By CATEY HILL
Utah is home to "Sundance" -- the most well-known independent film festival in the country. But one doesn't have to be Robert Redford (the festival's founder) to fall in love with this state.
Retire Here, Not There: State-by-State
Forget your parents' retirement destinations. These less-known gems offer lower prices and peppy economies.
An outdoorsman's paradise, Utah is a Native American word meaning "people of the mountains." The designation is especially apt in the northern part of the state where one finds the Wasatch Mountains and world-class ski resorts like Park City and Deer Valley. For contrast, in the Moab area in the southeastern part of the state the weather is slightly warmer weather, with a landscape filled with burnt-orange and red boulders. Utah is also home to five sprawling national parks (more than any other state except Alaska and California); the Great Salt Lake, the largest saltwater lake in the western hemisphere and Monument Valley, with its towering sandstone formations. It doesn't take long before one realizes why Utah is like no other place in the country, says Roger McQueen, managing partner for Northwestern Mutual in Salt Lake City, who moved to the area from Wisconsin.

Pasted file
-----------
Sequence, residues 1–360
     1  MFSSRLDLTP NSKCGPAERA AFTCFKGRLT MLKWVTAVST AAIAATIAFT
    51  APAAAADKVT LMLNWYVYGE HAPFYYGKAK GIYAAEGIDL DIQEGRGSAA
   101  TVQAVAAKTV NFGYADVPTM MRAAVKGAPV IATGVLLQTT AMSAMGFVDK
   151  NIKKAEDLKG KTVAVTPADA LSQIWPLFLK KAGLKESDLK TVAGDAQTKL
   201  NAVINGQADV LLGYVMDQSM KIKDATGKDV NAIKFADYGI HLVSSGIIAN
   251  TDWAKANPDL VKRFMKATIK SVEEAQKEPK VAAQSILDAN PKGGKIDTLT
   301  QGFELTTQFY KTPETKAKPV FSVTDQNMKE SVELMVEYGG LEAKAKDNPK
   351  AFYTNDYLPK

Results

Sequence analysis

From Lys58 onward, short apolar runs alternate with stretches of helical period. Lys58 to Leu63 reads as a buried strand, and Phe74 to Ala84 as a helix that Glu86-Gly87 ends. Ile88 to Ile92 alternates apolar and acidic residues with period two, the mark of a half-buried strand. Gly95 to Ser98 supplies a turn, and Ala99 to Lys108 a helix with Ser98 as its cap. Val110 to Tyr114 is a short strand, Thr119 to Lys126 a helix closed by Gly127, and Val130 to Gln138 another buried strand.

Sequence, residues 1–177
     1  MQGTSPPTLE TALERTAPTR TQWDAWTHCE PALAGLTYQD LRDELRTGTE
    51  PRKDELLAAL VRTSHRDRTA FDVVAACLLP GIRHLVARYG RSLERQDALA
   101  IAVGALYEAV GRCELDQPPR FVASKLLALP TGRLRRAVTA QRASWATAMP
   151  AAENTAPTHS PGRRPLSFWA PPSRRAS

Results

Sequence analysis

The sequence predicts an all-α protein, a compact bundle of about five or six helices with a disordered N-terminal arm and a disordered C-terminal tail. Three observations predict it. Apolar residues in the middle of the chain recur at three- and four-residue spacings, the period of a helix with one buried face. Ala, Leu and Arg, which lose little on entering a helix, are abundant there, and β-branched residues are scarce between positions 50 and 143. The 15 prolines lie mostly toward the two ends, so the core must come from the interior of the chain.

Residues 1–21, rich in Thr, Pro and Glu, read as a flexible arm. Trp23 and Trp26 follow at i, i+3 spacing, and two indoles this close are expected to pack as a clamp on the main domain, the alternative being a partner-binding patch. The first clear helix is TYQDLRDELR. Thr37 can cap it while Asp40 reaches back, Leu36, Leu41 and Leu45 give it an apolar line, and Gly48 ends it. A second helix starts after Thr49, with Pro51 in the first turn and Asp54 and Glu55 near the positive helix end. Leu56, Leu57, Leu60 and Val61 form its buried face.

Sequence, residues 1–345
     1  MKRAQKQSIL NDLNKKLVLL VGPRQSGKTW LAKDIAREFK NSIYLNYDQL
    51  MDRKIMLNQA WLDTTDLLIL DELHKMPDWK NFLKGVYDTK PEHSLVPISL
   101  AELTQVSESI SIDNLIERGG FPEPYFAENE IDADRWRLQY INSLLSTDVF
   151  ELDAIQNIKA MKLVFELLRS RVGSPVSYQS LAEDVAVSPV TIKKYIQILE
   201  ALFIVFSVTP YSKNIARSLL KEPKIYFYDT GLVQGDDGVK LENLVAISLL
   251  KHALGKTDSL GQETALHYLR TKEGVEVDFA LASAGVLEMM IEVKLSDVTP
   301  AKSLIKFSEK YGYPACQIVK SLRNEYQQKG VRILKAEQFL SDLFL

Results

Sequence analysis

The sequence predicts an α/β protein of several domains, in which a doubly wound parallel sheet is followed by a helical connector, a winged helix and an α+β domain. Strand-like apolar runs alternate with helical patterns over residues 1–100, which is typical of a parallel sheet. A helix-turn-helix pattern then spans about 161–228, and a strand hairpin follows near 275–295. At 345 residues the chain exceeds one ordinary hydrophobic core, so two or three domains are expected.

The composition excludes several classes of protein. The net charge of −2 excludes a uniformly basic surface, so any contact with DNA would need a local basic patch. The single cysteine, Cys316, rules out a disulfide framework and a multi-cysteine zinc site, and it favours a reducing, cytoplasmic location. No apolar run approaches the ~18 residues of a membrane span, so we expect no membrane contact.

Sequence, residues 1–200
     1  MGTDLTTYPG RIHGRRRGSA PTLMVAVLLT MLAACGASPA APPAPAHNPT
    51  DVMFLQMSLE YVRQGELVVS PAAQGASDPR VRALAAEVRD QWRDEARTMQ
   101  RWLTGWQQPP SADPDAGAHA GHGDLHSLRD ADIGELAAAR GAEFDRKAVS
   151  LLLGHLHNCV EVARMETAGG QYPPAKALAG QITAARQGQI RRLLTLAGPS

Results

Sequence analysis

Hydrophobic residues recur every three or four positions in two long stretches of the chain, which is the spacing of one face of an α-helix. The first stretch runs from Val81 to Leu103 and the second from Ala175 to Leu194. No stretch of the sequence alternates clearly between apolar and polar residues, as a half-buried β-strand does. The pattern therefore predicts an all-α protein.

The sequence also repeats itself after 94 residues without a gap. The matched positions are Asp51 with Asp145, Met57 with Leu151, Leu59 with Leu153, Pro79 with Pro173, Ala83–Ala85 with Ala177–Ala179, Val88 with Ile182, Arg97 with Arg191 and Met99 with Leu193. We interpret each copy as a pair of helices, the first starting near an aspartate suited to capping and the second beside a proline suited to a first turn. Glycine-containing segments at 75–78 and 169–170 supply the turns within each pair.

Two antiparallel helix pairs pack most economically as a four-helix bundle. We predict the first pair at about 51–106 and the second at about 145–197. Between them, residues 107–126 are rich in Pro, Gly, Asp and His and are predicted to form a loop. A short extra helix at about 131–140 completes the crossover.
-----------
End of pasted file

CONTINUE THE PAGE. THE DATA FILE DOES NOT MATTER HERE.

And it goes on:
It's also home to some of the priciest areas of the country. Take Park City, which hosts the Sundance festival and the U.S. Ski Team. Avid skiers in the swanky set who rent or own vacation homes in the area often retire there. But the cost of living in this posh resort town is more than 73% higher than the national average and the median home will set retirees back $664,500. Or, far more if they want a ski on, ski off location.
Luckily that's not the Utah most retirees enjoy. Although the state would never be called cheap, one doesn't have to pay anywhere near Park City prices to live well here. The cost of living is just 3.8% higher than the national average and the median home costs a little more than average, at $216,000, according to Sperling's Best Places. What's more, Utah's unemployment rate, 7.6%, is significantly lower than the rest of the nation, so many retirees may have an easier time landing a "retirement job" to offset the costs.